What was achieved by the early record producers and artists was remarkable.  Originally sound was stamped onto just one side of the disk and these can have quite splendid graphics pressed into the back.  They are also heavier, most satisfying to handle.

Back of one sided 78

From time to time I have bought old 78s and have a small collection in boxes that I need to get  out of the junk room and go through them as I have the postcards. It will remind me of why I bought them.

Rootling around in my video files I came across one I made of playing a recording of Amelita Galli ; I had quite forgotten it.  Here are a couple of images I have of her,

She has a beautiful voice.

As it is boring to watch a disk playing I thought to add a slide show of photos of shop windows – there is one exception but it is taken through glass.  These fascinate me with their colour, designs, sometimes flamboyant sometimes plain and, of course, often with interesting reflections, even of me!  I have been trying to think of a poem but so far one has not come to me so, as I wanted to use the photos, I used them in the short video below which I hope that you will play and enjoy.

Poetry Music Images, ST Maixent l'Ecole

Memories in photos and postcards

I like the featured image above, the shapes and colours its weirdness. It is also a memory of a wonderful weekend Valerie and I spent in Berlin.  We went down into a subterranean shopping mall and the complexity of what I was seeing struck me and cried out “photograph me”.  That night we were serenaded at our dinner table under the moon and stars by a guitar and violin; the next day it was curry wurst and chips in a converted railway dining car.

The image may be around in a hundred years and someone may like it but will not be aware of what it means to me.

Looking through my collection of postcards over the last couple of days,  I was reminded of why, from time-to-time, I buy them ; I like those from between 1900 and 1920.  They are often beautiful images, sometimes  smaltzy, cheeky and carry memories in the messages on the back.  I preferred used cards as it is a link to people in the past.  How they were produced is also interesting and I hope to write about this in the near future.

Market Place


This is of the market in Enfield Town.  The post date is 1908. As the split back for both message and address did not come into effect in 1904 it may be the photo was taken between these dates.


Market Place back


The message on the back apologises for not coming that day as the writer had had an accident with their horse and would  C. Boosey bring them round on Monday -I think.


Enfield Market Nov 2017


Yesterday I took a photo of the market from about the same place.  The church is dwarfed by trees, the pine on the left is only half way up the tower on the postcard.  The cast-iron bollards are replacements though in the same place.  Pub, and the central structure are still there but mostly hidden by cars and fast food outlets.

St Mary photo back

The cards above  are of St. Mary Magdalene at the top of Windmill Hill.  The sails were taken off the windmill in 1901 and it was demolished in 1904 so the photo and the painting show the scene between these dates.  I feel the painting may be taken from the photograph.  The photo graph was posted to Hants. saying this is our church; can’t read the rest.  Here is a photo of the same scene, taken yesterday, from about the same spot yesterday.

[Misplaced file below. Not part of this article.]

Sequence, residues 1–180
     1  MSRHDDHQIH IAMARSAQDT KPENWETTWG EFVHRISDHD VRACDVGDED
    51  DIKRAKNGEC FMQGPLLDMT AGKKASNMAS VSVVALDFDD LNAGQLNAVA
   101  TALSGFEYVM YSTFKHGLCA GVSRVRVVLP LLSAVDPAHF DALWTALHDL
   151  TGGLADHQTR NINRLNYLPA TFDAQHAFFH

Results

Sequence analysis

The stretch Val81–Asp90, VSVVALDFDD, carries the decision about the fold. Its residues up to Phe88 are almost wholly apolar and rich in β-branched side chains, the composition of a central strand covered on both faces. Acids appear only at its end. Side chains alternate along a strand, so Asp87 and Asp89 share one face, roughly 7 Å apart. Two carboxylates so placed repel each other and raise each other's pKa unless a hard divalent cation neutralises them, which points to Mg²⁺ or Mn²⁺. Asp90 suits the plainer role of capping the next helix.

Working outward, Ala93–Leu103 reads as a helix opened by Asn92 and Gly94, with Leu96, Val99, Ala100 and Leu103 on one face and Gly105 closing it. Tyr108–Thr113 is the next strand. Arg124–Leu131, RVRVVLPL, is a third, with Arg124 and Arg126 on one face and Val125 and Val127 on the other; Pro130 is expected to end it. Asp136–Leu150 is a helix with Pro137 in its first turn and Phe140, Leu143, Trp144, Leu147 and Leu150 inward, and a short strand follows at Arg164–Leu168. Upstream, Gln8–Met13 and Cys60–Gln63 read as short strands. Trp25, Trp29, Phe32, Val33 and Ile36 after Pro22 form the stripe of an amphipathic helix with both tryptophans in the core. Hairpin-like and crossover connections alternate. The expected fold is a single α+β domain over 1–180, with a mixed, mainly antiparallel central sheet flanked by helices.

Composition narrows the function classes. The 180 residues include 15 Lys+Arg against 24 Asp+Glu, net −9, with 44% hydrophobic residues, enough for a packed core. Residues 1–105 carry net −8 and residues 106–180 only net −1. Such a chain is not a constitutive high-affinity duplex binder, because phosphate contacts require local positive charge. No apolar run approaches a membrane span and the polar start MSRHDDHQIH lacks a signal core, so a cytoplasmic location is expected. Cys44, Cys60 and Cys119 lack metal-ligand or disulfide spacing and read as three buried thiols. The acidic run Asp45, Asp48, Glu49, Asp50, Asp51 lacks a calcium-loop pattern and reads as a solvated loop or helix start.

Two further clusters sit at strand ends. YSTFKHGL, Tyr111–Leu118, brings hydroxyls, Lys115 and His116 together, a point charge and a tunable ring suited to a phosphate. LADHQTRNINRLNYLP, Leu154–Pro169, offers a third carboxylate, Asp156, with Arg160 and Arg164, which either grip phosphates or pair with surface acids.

St Mary Magdelene Nov 2017

Not a rural scene now with a farm horse but farms still form 22% of Enfield’s area though 51% is built on.  I suppose the tiled tower is a reference to the windmill though it was a smock windmill which refers to its shape I imagine.

Our French house is in St Maixent L’Ecole where the Porte Chalon is one of the notable buildings.  It is a triumphal arch built in the late 18th century.  Last month we found a postcard of the view from the road.

Porte Chalon road side


It is so busy, covered with fly posters and the writer has continued the message on the front a hangover from the time the back could only be used for an address. this changed in 1904.  the card is of about this time I think.


Porte Chalon road side back

It is impossible for me to understand much of the messages on French postcards but I enjoy just looking at the script. Some are so beautiful.  Mougon is a nearby town and was posted to someone in the same town.  Telephones were rare then.


Porte Chalon from road photo


Here is a photo taken from about the same spot.  see how clean and shiny it is.  The right hand side is now the tourist office.



Porte Chalon from Rue Chalon

And here is the view from Rue Chalon, the other side.  The yellow is hand tinting.  The clothes look about 1910 or just before.  It was much busier then,



Porte Chalon from Rue Chalon Photo




as you can see from a photo from, again, the same spot.  Behind me in Rue Chalon there are sometimes 20 empty shops in a street of about 300 metres.  There is a good food market and street market on Saturdays and it is much busier then.





I just remembered an Audio Visual I made a while ago which has a bit on St Maixent l’Ecole at the end. An early one for me but it was fun making it.